Curbing Child Marriage in Azerbaijan

Publication Date: 
July 18, 2011

Two years after Azerbaijan’s parliament promised tougher laws to prevent underage marriage, it took a police raid to stop a man in his thirties marrying a 13-year-old.

The officers swooped on a beauty salon in the city of Ganja where the marriage was due to take place last month.

The 13-year-old child bride said she was aware that women cannot legally marry until they are 17, but believed the man, 20 years her senior, was an unmissable catch.

“My fiance is a serious guy. They say he’s a businessman,” she said. “My mother saw photographs of his house – it’s large and beautiful.”

The girl would have liked to carry on going to school, and go on to music college, but thought marriage sounded like a good idea from the way her mother described it.

She blames “jealous” relatives for tipping off the police.

“My fiance’s parents initially wanted to marry him to my cousin. But at the viewing, he took a liking to me and proposed,” she said.

Ilgar Balakishiyev, deputy police chief in Ganja, suspects the marriage amounted to a financial transaction.

“We suspect that’s the case here. They wanted to arrange the marriage quickly, within the space of a week and with very few people present,” he said. “The fact that prior to the wedding, the girl underwent a medical examination and got a certificate confirming she was a virgin also supports our suspicions. From many years of experience, I can say these examinations are done so as to sell the girl off at a higher price.”

The girl’s mother denied any mercenary plans.

“I’m a mother and I love my daughter. How could I sell her?” she asked. “It was just that a good fiancé appeared, and I wanted my daughter to be happy. I’ve got health problems so I wanted to build a good life for my daughter as soon as possible…. I myself married when I was 13.”

In 2009, when Hadi Rajabli, a member of the ruling Yeni Azerbaijan party and chair of the parliamentary committee for social policy, was pushing for changes to the law, she said, “If a mother is a child herself, then she cannot raise her children as she should.”

Two years ago, IWPR reported on a similar story, where a 15-year-old was preparing to marry a man seven years her senior, and such cases seem to be becoming more and more common.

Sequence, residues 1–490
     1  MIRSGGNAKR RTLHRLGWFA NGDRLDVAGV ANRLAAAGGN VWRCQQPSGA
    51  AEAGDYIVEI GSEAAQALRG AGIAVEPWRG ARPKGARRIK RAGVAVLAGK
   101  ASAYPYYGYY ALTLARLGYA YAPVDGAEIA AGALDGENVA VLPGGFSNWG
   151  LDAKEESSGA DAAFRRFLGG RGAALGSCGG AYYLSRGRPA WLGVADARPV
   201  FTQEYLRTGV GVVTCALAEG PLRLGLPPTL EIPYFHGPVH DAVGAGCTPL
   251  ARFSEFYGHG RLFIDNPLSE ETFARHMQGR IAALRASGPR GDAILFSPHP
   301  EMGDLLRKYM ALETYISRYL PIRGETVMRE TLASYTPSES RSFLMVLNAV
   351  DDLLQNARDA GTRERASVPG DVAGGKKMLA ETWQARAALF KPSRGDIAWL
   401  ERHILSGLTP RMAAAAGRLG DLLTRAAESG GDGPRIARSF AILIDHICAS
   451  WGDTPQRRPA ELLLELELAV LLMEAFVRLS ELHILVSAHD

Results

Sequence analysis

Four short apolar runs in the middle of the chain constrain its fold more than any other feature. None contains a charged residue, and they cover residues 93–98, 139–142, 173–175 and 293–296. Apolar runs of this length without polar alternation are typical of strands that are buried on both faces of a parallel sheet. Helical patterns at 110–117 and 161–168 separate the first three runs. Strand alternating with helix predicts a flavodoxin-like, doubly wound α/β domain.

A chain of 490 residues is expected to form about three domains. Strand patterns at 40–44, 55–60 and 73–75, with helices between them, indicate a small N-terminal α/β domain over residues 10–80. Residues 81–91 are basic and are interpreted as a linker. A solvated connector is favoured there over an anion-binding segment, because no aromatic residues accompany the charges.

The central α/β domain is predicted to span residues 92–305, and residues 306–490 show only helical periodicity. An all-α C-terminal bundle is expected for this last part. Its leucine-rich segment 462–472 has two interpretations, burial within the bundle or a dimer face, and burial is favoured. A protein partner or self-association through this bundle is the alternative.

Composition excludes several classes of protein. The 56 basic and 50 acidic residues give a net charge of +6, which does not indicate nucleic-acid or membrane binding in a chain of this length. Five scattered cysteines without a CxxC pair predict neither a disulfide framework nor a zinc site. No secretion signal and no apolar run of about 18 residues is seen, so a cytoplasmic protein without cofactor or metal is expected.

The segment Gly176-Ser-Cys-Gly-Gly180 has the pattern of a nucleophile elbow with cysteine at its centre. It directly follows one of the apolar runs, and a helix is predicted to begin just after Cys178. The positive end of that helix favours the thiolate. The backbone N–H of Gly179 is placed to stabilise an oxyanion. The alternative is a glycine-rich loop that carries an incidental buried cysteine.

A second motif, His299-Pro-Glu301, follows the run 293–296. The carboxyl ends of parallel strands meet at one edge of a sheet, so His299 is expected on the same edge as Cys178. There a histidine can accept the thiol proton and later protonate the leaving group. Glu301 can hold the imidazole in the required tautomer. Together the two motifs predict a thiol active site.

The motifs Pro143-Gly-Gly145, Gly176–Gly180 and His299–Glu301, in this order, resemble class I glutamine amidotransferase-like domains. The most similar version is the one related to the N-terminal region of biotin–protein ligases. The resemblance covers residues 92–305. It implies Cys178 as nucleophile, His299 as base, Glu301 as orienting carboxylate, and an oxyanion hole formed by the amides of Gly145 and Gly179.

So why, IWPR asked Rajabli, has nothing been done since the bill was first floated?

“We’ve been passing many other laws over this period,” she replied. “We haven’t been just sitting doing nothing. If the proposed amendments are on the agenda, that means they’re going to be looked at and probably passed, perhaps even at the beginning of parliament’s autumn session.”

The opposition is scathing about parliament’s failure to act on the issue. Panah Huseynov, who represented the Musavat party in parliament until he lost his seat in the November 2010 election, was scathing about the suggestion that legislators were too busy with other things.

“In a parliament like this where everyone dances to the same tune and there’s no opposition presence or dissident members, it isn’t surprising that such an important proposed amendment doesn’t get enacted for this long,” he said.

Women’s rights activists in Azerbaijan say the need for stronger legislation is urgent as girls are increasingly being married off below the minimum age. At the moment, that is 18 for men and 17 for women, or a year earlier for either, in exceptional circumstances.

When a minor enters into an illegal marriage, only the Muslim wedding rite is performed. Without a marriage certificate from the state, wives – especially but not only minors – miss out on the protections afforded by a legal marriage.

“If the couple fall out and separate, the woman has no rights to property or financial redress,” Namiq Guliyev, a lawyer with the Free Legal Assistance Help, said. “Only if they have children can the woman demand alimony, and then only if the father formally acknowledges paternity.” (For more on this issue, see .)

Maleyka Alizade, head of the Regional Women’s Centre, said parents often justified marrying off daughters in their early teens by arguing it would improve their economic position.

“Yet they must know that at 13 or 14, girls are not physically or psychologically ready for marriage so they’re going to face numerous serious problems,” Alizade said. “How can a 13-year-old girl bring up a child? She’s a child herself. A child will be just a doll to her.”

Alizade said surveys showed that underage marriages were more likely to end in separations than others.

“In most cases where such marriages break up, young women have no property rights or and no possibility of earning money, and fall prey to human trafficking,” she said.

Alizade said she was now looking forward to the long-awaited legislation come into force.

“We’re very much hoping that the changes to the law will be passed at parliament’s autumn session, and that the minimum marriage age will be raised to 18 for both sexes,” she said.

Better laws can only be the start, though, Alizade argues.

“In order to put a final stop to this problem, the police must be tougher on illegal early marriages, schools must pay more attention to it, and parents must become more responsible about their daughters’ futures,” she said.

Gulnur Ragifgizi is a freelance journalist in Azerbaijan.